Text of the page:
Now what’s left for the Pros?
    The biggest value a “professional” can add these days is her/his expertise in guiding the “users”. I believe that the right mix is the dynamite recipe: A lot of young talent is grateful for a bit of guidance in what they are doing: They appreciate the quality feedback. A pro can mentor 50 or 100 artists and bring them to the next level. Now he is worth his money!

    Of course there is some amount of pain is involved in the current process. It is like industrial diamonds are all out of the sudden better than “real” ones and at the fraction of the cost. What do you do with your “real” stones?

    Many agencies will have to slash down their cost for content production and revamp their revenue model or they’ll eventually face some tough times.

    Reply
  15. Advertising for free seems like an impossible thing when heard. But there are several ways by which the cost of advertisement can be conserved, with the help of some imagination and creativity.

    A business wanting to advertise, can write articles related to their field of expertise that can be submitted to media and publications having interest in that particular field. The advertising article can have information about the company and dealership opportunity. Due to the rise in Internet users and websites, new websites have sprung up which offer free services. Articles can be written for these websites and they can be broadcasted for free, which will be viewed by hundreds of people everyday.

    Reply
  16. Advertising for free seems like an impossible thing when heard. But there are several ways by which the cost of advertisement can be conserved, with the help of some imagination and creativity.

    A business wanting to advertise, can write articles related to their field of expertise that can be submitted to media and publications having interest in that particular field. The advertising article can have information about the company and dealership opportunity. Due to the rise in Internet users and websites, new websites have sprung up which offer free services. Articles can be written for these websites and they can be broadcasted for free, which will be viewed by hundreds of people everyday.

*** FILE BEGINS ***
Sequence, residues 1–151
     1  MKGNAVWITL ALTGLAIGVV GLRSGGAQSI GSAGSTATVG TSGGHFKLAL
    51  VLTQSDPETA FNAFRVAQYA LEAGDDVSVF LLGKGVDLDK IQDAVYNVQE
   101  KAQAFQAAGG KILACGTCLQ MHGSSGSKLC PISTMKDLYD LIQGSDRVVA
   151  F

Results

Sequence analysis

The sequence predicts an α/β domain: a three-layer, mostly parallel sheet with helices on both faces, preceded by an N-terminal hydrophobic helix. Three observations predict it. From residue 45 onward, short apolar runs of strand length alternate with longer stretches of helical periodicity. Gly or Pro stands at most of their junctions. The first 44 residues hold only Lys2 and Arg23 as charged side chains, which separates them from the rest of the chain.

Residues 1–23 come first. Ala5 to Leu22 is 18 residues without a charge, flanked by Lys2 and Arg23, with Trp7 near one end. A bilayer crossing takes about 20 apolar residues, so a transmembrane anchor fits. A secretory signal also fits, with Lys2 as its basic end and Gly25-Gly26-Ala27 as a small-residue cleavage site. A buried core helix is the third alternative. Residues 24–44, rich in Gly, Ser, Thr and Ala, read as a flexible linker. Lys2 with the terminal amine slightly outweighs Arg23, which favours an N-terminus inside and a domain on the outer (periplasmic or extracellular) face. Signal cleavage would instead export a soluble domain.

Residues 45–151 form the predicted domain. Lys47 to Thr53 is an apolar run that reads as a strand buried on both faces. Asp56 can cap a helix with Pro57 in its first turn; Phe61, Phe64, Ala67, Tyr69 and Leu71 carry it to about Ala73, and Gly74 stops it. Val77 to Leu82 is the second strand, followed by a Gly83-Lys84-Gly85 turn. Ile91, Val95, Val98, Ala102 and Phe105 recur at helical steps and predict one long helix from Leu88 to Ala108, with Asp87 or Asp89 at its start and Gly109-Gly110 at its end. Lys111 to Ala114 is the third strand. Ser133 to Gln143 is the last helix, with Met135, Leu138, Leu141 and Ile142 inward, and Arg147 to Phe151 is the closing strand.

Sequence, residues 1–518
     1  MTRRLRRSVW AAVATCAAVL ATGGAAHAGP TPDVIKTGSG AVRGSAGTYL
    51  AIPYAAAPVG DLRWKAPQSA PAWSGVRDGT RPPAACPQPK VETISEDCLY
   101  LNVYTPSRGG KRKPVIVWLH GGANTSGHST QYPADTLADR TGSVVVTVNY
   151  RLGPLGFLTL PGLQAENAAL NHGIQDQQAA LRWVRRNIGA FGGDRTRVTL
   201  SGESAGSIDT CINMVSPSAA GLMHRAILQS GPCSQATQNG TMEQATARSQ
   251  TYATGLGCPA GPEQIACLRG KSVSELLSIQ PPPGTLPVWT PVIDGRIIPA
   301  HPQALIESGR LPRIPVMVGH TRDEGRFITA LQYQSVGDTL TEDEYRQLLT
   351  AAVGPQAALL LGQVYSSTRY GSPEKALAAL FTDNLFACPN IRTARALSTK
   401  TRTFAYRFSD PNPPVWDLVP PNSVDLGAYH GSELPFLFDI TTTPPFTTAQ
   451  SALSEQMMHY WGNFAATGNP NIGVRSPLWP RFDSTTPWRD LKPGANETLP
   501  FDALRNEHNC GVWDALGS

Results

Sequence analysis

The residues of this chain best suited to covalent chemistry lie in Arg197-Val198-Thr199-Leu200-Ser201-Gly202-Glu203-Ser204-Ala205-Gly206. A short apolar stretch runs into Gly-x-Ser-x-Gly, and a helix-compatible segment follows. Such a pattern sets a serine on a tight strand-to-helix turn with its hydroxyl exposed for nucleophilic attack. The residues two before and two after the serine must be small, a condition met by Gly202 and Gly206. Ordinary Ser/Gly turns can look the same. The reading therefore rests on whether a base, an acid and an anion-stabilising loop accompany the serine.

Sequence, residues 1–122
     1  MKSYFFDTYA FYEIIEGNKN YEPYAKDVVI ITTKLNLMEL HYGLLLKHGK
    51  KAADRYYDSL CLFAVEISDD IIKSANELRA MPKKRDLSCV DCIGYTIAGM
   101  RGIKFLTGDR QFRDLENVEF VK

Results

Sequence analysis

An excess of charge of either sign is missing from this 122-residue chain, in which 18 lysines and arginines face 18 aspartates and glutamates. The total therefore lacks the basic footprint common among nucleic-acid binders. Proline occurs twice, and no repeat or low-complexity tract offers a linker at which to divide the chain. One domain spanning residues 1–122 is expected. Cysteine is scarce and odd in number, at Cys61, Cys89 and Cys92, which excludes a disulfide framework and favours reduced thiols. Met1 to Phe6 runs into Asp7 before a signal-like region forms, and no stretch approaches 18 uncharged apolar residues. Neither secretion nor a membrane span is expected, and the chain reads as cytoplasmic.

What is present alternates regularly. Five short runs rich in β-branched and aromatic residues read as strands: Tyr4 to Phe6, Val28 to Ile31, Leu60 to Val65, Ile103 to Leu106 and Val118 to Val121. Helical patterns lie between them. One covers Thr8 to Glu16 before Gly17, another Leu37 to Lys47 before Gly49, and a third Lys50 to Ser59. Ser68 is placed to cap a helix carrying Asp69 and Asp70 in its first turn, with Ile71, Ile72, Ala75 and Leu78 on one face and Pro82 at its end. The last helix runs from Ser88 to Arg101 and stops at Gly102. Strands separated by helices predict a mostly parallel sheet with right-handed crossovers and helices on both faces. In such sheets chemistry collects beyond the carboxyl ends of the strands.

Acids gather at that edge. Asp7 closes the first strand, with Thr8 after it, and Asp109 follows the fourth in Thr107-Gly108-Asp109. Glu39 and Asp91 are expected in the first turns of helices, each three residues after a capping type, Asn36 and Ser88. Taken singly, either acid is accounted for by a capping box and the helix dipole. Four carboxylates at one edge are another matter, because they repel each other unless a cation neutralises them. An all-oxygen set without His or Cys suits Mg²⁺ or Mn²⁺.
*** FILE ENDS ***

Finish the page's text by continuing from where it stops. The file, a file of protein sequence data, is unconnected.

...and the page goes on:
Reply
  17. Rohit: I like the acronym–there is a big difference between professional-level product and everyman content–and one of the neatest things is finding the “everyman” blogger or photographer who truly ascends to “professional” level–what a boon for all of us!

    Our organization’s communications department is finally taking its first exploratory steps into treating “PGC” online content as professional content. I’m the social networking arm of our web team, and I’m thrilled that our media folks are beginning to evaluate blogs and approach bloggers as legitimate “reporters,” thinking about them with the same serious, strategic approach as they do local newspapers and TV news programs. (And that they are open to learning a whole new etiquette for working with bloggers) And that they are considering online advertising in these online media with the same seriousness and strategic thinking they’ve used with newspapers and TV.

    As our relationships with photographers on Flickr grows, I hope to be able to leverage some of the amazing professional-quality work out there for our organization–exposing a larger audience to these amazing artists at the same time.

    Reply
  18. Rohit: I like the acronym–there is a big difference between professional-level product and everyman content–and one of the neatest things is finding the “everyman” blogger or photographer who truly ascends to “professional” level–what a boon for all of us!

    Our organization’s communications department is finally taking its first exploratory steps into treating “PGC” online content as professional content. I’m the social networking arm of our web team, and I’m thrilled that our media folks are beginning to evaluate blogs and approach bloggers as legitimate “reporters,” thinking about them with the same serious, strategic approach as they do local newspapers and TV news programs. (And that they are open to learning a whole new etiquette for working with bloggers) And that they are considering online advertising in these online media with the same seriousness and strategic thinking they’ve used with newspapers and TV.

    As our relationships with photographers on Flickr grows, I hope to be able to leverage some of the amazing professional-quality work out there for our organization–exposing a larger audience to these amazing artists at the same time.

    Reply

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Rohit Bhargava is on a mission to inspire more non-obvious thinking in the world. He is the #1 Wall Street Journal and USA Today bestselling author of eight books and is widely considered one of the most entertaining and original speakers on disruption, trends and marketing in the world.